Disciple of Peperna
- May 20, 2004
By the summer of 1410, the war was a year old. What began as a revolt in Samogitia, ceded to the Teutonic Knights in 1404, exploded when Lithuania announced they would support their oppressed brothers. Poland, honoring the 1385 Union of Krewo, joined in. After an initial push into Greater Poland the Teutons were pushed back to the border and an armistice agreement lasting to late June allowed both sides to prepare.
The Polish/Lithuanian alliance, backed by Masovia, pressed forward on June 30 to attack the Knights at Malbork. Teuton Grand Master Ulrich von Junginen responded by fortifying the river crossings and pulling his troops back. Wladyslaw Jagiello, King of Poland and former Grand Duke of Lithuania, responded by flanking the Knights and moving towards Marienburg, the capital.
On July 15, both armies met between Grunwald, Tannenberg and Ludwigsdorf. Polish heavy cavalry guarded their left, while Lithuanian light cavalry dominated the right along with Tatar skirmishers and Moldavians. The Teutons consisted mostly of heavy cavalry and infantry along with Western European mercenaries. While future propogandists would push the numbers of the two armies into the hundreds of thousands, it's generally believed the Polish/Lithuanian alliance had about 40,000 men, while the Teutons numbered 25-30,000.
A major push around midday by the Lithuanians was repulsed, and Grand Duke Vytautas began a controlled, possibly planned retreat. The Knights' reserve recklessly followed while von Junginen and the Poles desperately fought. At one point the Grand Master led a charge against one of the strongest Polish banners, or units, winning briefly before Jagiello could regain the upper hand.
By the time the Knights' reserve returned and regrouped, it was too late to press their advantage. Vytautas also returned, and despite the Teutons' techonological edge (including field artillery), sheer numbers weighed them down. The alliance flanked their enemies, and by nightfall as many as ten thousand of the initial thirty thousand knights lay dead. More would have perhaps been captured, but as the Poles and Lithuanians consisted primarily of peasants who had no part in any honorable ransom between nobles, there was much slaughter. The Poles did indeed ransom those they did manage to capture, at exorbitant rates that drained the Knights' resources. On that bloody day the Teutons lost their leadership and will to fight.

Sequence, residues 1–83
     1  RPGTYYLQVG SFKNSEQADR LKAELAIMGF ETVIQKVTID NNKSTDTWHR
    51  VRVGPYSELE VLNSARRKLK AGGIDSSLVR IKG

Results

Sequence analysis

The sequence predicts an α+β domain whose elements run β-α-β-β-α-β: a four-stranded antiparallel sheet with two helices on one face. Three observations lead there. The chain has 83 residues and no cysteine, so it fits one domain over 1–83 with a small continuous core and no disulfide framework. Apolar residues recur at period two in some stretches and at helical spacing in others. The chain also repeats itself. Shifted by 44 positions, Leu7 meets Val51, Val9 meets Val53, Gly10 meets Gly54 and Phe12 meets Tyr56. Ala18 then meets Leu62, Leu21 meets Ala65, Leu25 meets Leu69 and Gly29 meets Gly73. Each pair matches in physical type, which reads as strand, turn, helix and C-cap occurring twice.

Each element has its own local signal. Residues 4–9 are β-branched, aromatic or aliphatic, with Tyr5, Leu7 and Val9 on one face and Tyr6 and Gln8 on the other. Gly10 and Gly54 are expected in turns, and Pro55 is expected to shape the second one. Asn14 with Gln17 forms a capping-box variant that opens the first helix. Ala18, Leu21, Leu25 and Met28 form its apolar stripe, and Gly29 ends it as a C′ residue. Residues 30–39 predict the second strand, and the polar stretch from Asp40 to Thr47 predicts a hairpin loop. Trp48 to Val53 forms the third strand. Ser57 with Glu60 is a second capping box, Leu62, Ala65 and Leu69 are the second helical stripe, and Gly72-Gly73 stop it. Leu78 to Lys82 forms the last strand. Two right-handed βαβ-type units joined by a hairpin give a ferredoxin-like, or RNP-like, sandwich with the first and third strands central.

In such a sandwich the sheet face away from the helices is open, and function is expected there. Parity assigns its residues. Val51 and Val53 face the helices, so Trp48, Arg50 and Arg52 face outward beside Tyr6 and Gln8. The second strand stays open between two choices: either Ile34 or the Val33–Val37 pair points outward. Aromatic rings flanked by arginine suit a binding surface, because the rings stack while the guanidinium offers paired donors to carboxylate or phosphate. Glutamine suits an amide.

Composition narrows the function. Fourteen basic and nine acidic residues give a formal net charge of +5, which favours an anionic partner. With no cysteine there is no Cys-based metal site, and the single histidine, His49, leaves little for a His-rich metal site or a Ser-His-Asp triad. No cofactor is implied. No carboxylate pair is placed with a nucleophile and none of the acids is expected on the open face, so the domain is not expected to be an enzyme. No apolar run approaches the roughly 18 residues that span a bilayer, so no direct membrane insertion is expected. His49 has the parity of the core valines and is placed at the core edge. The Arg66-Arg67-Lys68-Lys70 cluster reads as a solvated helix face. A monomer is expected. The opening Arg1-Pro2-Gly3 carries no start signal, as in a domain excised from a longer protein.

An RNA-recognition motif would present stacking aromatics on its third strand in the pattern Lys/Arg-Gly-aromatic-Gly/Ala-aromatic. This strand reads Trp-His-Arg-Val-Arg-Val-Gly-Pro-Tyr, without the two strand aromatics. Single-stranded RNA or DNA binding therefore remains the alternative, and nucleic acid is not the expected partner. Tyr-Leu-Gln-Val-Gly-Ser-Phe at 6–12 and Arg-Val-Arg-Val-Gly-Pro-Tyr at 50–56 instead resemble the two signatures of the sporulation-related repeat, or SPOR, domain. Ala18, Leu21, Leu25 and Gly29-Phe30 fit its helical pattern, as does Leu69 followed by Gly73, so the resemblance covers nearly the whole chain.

II. DIPLOMACY IS OPTIONAL
After the battle, Heinrich von Plauen led the Teutons. He wrote letters to the west, describing his struggle as a "war against evil pagans." One could almost argue that Lithuania qualified, if you assumed Orthodoxy counted, but this certainly wasn't true of the Poles. Nonetheless his bold rancor won much sentiment throughout Western Europe, but little support.
A number of cities tried to defect to Poland, including Danzig. Von Plauen slowly brought them back into line, often by force, earning him many enemies among the burghers. The Peace of Thorn, by which Lithuania regained Samogitia and Poland took the Dobriner Land, along with general rancor alienated the knights.
In short, Hochmeister von Plauen was what the Knights needed badly in 1410. He represented order and law. He didn't accept criticism. Bluntly, he put the disloyal middle class back in their place. However, his inability to bring people together and perhaps treat somewhat more gently with others resulted in his ouster in 1413.
III. PLAYING NICE
The new Grandmaster was Michael Kuchmeister von Sternberg. He could have been von Plauen's opposite. Where was one rough, the other knew how to be gentle. He spent the next five years quietly rebuilding the Order and reforging ties with the burghers. He improved ties with the German states and worked to ease fears by the Order of the Sword, an order within the Teutons, that the Teutons might try to revoke their autonomy. (Livonian Order starts as a vassal.) By Christmastide in 1418, he'd succeeded in restoring some semblanace of calm throughout Teuton lands. (Stability +2 entering game.)
By then, von Sternberg was looking for a new raison d'etre. Despite his predecessors claims, he understood the pagans of Eastern Europe were long gone. On the other hand, he certainly wasn't going to disband the order...